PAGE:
If you think the desktop Web and the smartphone were occasions for info-overload, get ready for wearable computing, which isn’t waiting for the 2014 release of Google Glass. On ski slopes and on the roads, we’re about to embark on a societal experiment regarding the dangers of fragmented attention. How many people will master multiple streams of incoming information while racing down a hill or driving on a freeway? And how many will crash?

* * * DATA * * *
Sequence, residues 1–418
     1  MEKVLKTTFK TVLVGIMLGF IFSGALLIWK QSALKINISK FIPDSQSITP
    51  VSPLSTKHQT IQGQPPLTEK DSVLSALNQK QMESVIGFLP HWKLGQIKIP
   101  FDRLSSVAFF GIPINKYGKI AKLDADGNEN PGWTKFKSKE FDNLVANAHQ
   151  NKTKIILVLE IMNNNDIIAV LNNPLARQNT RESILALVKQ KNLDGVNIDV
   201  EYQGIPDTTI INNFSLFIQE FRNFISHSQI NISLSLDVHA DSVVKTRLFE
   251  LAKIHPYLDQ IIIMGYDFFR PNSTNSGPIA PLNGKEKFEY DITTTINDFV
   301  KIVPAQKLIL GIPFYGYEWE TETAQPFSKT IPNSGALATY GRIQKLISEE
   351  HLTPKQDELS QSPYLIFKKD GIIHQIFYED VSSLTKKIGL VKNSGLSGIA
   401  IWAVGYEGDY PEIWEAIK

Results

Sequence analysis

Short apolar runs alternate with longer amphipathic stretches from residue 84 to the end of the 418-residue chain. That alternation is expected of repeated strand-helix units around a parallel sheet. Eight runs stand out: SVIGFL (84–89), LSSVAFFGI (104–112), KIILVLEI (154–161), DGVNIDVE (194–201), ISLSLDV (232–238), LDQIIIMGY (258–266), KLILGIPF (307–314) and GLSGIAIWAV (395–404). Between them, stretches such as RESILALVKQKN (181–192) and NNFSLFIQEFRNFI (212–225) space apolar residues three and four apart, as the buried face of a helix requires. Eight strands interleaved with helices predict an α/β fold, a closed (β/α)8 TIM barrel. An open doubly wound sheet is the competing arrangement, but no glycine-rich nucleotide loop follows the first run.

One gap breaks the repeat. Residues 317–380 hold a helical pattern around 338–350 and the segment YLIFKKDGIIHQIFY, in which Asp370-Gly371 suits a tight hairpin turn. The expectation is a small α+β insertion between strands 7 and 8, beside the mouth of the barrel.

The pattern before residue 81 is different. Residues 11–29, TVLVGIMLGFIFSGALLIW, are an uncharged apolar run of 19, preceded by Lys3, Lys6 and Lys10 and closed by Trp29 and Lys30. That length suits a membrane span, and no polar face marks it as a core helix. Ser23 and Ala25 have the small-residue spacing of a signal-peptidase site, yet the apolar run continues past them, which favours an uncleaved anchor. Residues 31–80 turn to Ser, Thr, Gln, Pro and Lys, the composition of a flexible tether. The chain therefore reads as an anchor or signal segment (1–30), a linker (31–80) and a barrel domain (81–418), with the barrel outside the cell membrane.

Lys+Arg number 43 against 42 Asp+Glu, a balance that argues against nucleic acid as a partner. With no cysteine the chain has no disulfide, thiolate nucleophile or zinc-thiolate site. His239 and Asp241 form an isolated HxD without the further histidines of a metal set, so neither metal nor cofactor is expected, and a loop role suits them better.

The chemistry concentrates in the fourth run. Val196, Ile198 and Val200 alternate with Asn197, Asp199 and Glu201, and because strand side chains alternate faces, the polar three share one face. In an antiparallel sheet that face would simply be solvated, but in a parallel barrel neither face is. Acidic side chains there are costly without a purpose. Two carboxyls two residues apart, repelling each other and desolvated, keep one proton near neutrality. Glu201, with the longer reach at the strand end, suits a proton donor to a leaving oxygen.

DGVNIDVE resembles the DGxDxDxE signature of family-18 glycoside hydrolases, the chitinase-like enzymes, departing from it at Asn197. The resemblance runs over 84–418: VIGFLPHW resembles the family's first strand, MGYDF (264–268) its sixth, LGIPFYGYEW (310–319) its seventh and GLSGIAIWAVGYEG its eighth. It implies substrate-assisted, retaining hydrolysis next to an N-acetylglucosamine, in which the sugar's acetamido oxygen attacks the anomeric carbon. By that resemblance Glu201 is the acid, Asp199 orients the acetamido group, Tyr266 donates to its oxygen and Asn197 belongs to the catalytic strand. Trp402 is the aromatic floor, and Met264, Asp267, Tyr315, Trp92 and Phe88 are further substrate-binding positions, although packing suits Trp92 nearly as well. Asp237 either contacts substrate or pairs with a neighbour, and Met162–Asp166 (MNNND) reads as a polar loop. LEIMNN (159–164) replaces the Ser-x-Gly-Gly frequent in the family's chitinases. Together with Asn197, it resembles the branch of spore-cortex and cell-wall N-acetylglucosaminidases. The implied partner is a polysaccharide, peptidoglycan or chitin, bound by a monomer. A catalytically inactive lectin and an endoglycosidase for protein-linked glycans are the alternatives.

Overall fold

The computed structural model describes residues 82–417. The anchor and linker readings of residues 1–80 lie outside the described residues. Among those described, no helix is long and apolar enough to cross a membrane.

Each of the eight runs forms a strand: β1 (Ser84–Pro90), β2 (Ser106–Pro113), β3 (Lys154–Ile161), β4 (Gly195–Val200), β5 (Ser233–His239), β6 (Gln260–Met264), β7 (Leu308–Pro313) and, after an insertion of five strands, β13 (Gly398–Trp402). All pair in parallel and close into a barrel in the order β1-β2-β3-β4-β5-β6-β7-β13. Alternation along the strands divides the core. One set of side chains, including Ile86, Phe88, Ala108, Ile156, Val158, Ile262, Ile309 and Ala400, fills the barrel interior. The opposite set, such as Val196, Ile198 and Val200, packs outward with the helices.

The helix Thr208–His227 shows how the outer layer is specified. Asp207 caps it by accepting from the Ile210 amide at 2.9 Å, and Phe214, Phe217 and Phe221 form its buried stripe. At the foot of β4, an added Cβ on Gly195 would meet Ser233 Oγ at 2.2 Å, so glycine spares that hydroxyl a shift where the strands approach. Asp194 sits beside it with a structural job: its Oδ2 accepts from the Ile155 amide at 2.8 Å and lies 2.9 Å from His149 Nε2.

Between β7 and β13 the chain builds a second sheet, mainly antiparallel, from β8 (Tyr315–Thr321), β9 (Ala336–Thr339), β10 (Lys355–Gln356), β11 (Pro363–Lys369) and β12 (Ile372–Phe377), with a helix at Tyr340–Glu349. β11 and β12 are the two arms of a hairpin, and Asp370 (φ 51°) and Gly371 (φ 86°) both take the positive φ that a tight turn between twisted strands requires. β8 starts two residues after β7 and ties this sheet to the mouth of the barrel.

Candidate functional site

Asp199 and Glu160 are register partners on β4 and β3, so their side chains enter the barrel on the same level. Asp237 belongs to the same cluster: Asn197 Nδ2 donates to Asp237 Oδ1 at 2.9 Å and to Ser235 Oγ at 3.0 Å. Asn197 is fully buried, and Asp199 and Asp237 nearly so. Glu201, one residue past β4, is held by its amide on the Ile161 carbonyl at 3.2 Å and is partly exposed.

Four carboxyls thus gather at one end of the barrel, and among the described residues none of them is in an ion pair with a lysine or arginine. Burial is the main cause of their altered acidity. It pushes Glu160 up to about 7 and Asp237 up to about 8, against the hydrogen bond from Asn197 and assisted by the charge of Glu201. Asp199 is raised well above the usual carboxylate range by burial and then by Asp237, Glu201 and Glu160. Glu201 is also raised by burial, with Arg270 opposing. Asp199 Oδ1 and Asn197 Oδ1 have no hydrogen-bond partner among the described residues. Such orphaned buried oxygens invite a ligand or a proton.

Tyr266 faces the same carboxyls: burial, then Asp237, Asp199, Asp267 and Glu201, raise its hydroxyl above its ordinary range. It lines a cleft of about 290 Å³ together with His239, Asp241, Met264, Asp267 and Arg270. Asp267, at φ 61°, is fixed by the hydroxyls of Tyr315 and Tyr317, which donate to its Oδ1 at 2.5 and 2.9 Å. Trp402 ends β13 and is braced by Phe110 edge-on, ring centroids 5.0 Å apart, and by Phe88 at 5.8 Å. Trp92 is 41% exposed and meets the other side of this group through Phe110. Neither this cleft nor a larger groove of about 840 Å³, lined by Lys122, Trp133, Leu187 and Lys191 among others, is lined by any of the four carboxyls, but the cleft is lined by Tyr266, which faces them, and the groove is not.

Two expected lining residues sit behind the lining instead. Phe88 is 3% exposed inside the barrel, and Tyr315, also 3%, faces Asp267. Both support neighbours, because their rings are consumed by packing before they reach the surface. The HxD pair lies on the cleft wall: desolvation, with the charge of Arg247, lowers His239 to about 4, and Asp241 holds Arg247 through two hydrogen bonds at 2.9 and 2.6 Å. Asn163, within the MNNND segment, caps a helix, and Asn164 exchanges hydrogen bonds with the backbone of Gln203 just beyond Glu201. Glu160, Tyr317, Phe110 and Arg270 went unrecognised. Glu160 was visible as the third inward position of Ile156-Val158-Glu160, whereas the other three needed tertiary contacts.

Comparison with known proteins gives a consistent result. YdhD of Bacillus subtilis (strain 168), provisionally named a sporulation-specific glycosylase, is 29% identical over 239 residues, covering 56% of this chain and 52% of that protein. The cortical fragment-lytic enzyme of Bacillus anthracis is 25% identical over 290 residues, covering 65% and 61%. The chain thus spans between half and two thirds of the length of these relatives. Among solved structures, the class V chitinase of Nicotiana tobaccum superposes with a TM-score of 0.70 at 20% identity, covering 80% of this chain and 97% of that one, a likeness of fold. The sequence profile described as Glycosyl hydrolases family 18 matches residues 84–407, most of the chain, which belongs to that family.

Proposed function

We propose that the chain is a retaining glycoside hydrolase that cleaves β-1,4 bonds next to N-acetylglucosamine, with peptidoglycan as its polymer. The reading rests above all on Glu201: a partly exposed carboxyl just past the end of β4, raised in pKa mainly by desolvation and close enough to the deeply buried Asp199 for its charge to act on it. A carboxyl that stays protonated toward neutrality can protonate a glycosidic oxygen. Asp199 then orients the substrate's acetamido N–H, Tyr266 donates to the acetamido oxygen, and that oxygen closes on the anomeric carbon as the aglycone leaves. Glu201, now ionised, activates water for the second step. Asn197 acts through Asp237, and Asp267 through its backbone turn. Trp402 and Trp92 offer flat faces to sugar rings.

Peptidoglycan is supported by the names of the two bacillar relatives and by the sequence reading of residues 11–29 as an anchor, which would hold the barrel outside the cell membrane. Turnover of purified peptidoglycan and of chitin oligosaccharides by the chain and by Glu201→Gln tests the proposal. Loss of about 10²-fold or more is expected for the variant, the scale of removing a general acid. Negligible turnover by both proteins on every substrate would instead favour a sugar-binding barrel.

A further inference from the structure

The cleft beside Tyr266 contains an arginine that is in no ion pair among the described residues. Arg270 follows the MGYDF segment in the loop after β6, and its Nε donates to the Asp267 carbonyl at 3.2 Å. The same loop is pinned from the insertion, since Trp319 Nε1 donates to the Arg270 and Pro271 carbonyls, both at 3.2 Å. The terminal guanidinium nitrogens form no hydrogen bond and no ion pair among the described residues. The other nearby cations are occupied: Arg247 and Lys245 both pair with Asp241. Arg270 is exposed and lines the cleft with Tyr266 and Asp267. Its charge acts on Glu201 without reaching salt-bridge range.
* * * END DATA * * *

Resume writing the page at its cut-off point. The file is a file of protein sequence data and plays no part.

Safety advocates say the concept of high-tech displays for goggles — and for other sports eyewear — is information overload run amok, particularly when people are using them at high speeds. Yet Oakley, based in Foothill Ranch, Calif., is one of a handful of sports eyewear companies betting that thrill seekers and athletes crave the equivalent of a cockpit dashboard while skiing, snowboarding, cycling and running. The companies are in the vanguard of the next wave of personal technology, called wearable computing, which promises to further shrink the barrier between users and the information they seek.”